Rose of Sharon
Just above the highest tide
A mark, a sign, that’s miles wide;
It colors o’er the coastal plain
A rose, the Sharon, nestles grain.
Her reddened glow is valued well
Amidst the base of Mount Carmel.
She doth adorn great Ephraim
And tempts the seas to meet with Him.
The Eastern men declare it so,
A distant place where beauties grow,
Immortal Flower of repute
Divine above a gentle shoot.
The western ships and salty sea,
They also venture there to be
And harvest what the summer brings
That she might dress their queens and kings.
E’en more so is this flower blest
To be the symbol of the best;
The King of kings, the Christ, our Lord
She’s etched into His crown and sword.
For He, the groom, for us, the bride,
He draws His lilies to His side
To give immortal love to her
And so eternal life to stir.
No perfect flower besets the Rose
No lyric challenges her prose.
She gilds and beautifies the same
Which, ‘haps is why you bear her name.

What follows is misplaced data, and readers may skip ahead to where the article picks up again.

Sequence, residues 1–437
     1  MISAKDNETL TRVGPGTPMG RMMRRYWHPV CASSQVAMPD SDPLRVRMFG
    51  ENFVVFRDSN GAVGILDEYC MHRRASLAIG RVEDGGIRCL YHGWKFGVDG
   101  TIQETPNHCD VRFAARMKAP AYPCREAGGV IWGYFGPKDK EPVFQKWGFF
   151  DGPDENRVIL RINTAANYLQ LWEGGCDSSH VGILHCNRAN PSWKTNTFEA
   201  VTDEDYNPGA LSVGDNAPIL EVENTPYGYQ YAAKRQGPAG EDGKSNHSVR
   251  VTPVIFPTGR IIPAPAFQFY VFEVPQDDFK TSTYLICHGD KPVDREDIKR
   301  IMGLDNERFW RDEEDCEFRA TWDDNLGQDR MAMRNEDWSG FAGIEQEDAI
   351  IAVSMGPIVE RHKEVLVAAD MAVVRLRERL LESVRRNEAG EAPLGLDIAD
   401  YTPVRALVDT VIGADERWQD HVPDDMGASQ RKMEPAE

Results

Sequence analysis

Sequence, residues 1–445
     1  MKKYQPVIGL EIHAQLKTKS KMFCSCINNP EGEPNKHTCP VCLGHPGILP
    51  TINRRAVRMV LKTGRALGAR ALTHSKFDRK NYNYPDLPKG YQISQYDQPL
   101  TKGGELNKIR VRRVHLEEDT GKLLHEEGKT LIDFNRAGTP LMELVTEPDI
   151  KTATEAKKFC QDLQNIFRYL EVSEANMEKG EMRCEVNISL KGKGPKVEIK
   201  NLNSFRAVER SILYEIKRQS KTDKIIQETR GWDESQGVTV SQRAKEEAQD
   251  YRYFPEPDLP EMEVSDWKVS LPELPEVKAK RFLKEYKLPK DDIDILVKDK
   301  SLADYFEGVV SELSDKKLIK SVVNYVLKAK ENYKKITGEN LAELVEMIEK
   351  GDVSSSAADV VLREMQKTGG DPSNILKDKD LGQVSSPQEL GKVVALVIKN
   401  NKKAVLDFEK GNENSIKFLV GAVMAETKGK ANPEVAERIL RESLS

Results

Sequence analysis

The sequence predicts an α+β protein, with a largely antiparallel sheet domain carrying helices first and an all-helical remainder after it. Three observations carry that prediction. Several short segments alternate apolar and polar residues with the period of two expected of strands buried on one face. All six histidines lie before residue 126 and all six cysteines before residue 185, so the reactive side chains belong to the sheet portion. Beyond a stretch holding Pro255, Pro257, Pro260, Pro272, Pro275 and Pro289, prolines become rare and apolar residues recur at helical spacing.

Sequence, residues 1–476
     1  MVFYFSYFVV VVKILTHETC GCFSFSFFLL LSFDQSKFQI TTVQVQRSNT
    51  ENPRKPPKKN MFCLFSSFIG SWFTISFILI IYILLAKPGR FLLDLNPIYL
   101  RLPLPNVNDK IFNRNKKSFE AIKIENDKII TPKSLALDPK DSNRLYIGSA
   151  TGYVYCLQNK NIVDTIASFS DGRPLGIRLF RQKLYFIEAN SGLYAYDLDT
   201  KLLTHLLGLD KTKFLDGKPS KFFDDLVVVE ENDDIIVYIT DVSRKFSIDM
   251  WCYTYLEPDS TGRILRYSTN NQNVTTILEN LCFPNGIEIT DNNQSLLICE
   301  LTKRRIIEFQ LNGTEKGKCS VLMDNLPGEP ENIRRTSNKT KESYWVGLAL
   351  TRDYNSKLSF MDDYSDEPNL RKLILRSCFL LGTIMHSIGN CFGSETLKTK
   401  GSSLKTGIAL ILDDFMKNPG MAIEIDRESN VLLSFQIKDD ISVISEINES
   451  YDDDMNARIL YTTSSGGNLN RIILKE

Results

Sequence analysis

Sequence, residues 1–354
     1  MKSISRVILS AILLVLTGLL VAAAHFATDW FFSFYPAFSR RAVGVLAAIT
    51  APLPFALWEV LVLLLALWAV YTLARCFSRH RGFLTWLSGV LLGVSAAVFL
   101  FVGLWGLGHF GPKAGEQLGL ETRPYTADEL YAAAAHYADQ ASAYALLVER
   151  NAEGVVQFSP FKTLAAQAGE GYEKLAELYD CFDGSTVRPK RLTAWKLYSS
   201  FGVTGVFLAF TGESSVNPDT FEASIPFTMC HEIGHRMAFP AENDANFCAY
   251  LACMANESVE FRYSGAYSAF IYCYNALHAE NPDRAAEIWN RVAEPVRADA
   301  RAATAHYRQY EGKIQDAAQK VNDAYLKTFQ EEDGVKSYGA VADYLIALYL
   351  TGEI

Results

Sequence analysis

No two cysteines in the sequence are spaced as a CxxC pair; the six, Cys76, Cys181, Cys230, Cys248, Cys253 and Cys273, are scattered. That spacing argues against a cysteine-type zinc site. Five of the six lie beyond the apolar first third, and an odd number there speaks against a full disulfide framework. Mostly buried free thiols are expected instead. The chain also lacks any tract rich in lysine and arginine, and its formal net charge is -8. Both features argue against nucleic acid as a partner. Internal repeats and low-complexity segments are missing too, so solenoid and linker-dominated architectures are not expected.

A gift for my mother, Sharon, on her birthday.
28 June A.D. 2012
Some interpretive notes (just in case):
The Rose of Sharon blooms along the coastal Plain of Sharon, just west of the Hills of Ephraim (pronounced “ef-ray-im”), at the base of Mount Carmel (pronounced “Car-mell”). You see the flower growing at the high tide mark. It is a highly prized flower, sought in the days of old by royalty. The Rose eventually became a Christian symbol based on the text from Song of Songs 2:1. The imagery there is that of what the early church considered the perfect and most sturdy flower, the rose, being carried among the more feminine lilies. Thusly, Christ is the perfect bridegroom coming to His bride. Travelers from the orient (China, Korea, etc.) referred to the Rose of Sharon as the immortal flower—a symbol of wisdom.